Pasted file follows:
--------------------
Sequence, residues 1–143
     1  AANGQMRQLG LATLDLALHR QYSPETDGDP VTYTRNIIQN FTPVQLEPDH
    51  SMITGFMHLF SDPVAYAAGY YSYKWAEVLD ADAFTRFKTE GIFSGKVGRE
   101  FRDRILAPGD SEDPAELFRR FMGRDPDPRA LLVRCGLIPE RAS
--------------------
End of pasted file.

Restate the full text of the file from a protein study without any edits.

Sequence, residues 1–143
     1  AANGQMRQLG LATLDLALHR QYSPETDGDP VTYTRNIIQN FTPVQLEPDH
    51  SMITGFMHLF SDPVAYAAGY YSYKWAEVLD ADAFTRFKTE GIFSGKVGRE
   101  FRDRILAPGD SEDPAELFRR FMGRDPDPRA LLVRCGLIPE RAS